• Annual fee: $ 0.
  • APR: variable 22.99 percent.
  • Credit Required: No credit history

With no annual fees or cash back, the Discover it® secure credit card is a good choice for new credit applicants. You will need to deposit a cash deposit, but with this you may have a better chance of being approved as a first-time cardholder or someone with little credit history. Deposits start as low as $ 200 and are returned when you close or upgrade the account. The Discover it® Secure Credit Card also has lower fees than many other cards, including no late fees on your first late payment (after that, up to $ 40), and you get access to your FICO score for free on your statement every month. .

OpenSky® Secured Visa® Credit Card: Ideal for No Credit Check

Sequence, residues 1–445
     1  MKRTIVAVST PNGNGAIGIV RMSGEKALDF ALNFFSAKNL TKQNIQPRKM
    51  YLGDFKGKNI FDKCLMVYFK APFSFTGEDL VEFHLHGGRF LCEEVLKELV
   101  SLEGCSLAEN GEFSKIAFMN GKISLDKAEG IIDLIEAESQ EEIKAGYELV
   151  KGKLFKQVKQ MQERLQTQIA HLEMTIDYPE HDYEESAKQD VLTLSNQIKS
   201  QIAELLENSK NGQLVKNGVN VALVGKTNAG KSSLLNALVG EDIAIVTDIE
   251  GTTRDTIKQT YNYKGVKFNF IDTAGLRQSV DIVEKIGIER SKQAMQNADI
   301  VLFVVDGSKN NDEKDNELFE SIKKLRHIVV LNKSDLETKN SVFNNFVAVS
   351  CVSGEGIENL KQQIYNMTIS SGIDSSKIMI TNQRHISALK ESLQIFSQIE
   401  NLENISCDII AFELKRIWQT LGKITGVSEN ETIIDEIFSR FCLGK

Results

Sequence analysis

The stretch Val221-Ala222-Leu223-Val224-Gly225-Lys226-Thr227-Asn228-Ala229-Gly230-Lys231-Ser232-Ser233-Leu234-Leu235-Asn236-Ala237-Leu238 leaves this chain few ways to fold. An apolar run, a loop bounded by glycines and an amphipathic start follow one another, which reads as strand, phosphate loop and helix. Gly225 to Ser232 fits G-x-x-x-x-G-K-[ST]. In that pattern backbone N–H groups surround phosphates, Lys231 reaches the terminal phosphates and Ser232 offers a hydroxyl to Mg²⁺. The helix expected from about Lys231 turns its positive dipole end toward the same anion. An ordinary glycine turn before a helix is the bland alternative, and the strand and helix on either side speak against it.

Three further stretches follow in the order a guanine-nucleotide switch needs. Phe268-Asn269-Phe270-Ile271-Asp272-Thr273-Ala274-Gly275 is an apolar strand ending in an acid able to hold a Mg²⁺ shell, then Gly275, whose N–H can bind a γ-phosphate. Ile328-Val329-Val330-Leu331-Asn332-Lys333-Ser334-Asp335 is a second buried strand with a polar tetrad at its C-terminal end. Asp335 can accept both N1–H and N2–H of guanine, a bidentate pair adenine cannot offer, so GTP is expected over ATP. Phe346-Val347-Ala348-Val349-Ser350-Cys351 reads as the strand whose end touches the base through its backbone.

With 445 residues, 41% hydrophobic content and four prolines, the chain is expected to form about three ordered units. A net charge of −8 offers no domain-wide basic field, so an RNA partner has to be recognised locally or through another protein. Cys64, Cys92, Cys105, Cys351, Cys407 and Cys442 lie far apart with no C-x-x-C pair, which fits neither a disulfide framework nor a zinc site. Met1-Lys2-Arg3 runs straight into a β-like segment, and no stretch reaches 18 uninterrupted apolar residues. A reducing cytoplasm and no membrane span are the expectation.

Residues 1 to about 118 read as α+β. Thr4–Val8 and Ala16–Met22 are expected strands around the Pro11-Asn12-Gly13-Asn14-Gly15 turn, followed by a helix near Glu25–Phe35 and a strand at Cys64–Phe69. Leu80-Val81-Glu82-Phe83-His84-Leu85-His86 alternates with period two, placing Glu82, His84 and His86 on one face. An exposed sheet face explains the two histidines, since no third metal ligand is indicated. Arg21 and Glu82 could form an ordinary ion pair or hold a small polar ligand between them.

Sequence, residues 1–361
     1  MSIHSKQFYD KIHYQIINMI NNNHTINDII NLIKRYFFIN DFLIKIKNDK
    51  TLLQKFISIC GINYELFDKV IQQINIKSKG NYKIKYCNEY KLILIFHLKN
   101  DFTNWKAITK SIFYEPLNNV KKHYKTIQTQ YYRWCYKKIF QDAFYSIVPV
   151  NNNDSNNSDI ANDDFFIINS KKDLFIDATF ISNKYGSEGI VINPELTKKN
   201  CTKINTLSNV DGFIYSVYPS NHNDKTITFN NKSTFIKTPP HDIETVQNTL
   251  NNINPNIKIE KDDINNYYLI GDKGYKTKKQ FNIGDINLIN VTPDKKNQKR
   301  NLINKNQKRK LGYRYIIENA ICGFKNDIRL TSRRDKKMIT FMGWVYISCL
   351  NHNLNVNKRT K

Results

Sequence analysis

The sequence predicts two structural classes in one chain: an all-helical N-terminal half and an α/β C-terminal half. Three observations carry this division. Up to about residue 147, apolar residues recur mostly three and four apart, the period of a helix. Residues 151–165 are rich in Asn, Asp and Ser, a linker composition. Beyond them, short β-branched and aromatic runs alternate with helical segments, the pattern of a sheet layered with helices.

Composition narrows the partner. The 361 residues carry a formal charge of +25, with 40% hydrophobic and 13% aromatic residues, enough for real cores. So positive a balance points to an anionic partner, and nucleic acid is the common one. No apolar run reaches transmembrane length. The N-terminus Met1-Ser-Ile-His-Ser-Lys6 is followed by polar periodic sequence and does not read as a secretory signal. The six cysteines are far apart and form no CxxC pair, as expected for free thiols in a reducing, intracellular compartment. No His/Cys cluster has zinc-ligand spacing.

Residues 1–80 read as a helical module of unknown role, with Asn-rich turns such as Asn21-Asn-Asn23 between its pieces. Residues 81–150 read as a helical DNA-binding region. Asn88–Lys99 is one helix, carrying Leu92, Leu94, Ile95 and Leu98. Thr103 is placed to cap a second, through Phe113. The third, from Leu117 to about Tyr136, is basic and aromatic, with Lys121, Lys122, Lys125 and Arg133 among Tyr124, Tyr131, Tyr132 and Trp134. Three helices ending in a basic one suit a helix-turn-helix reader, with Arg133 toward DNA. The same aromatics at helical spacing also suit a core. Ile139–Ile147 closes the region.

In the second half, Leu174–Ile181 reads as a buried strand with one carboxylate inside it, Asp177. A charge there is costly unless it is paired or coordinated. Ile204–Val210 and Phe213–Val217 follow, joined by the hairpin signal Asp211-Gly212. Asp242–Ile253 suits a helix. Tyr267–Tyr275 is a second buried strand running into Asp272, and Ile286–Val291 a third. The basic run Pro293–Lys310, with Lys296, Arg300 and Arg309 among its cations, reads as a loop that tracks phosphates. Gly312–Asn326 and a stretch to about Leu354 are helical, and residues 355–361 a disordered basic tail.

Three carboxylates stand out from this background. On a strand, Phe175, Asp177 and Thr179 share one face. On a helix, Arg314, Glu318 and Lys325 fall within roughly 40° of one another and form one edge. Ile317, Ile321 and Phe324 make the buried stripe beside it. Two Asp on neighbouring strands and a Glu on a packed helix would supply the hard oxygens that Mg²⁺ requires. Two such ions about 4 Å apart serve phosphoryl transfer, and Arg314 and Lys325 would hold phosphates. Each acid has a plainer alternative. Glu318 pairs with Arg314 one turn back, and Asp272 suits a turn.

• Rewards: none.
  • Welcome bonus: none.
  • Annual fee: $ 35.
  • APR: variable of 17.39 percent.
  • Credit required: None.

The OpenSky® Secured Visa® credit card does not require a credit check, so it is a great option for those with little or even poor credit history. As a secured credit card, it requires a cash deposit to start, but you can get a line of credit of up to $ 3,000. The OpenSky Secured card helps you build your credit score by reporting your payments to the three major credit bureaus. That said, if you already have a good credit history, you may want to consider other secured cards, due to the $ 35 annual fee and lack of rewards.

How to start building credit